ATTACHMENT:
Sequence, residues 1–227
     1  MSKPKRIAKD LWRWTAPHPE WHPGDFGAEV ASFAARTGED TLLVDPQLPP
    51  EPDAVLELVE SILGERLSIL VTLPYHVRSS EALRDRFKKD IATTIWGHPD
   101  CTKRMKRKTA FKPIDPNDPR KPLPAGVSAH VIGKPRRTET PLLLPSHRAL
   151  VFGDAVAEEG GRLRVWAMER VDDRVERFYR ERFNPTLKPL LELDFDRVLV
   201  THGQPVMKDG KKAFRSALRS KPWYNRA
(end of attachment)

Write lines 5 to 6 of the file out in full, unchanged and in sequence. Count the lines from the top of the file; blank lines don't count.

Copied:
   151  VFGDAVAEEG GRLRVWAMER VDDRVERFYR ERFNPTLKPL LELDFDRVLV
   201  THGQPVMKDG KKAFRSALRS KPWYNRA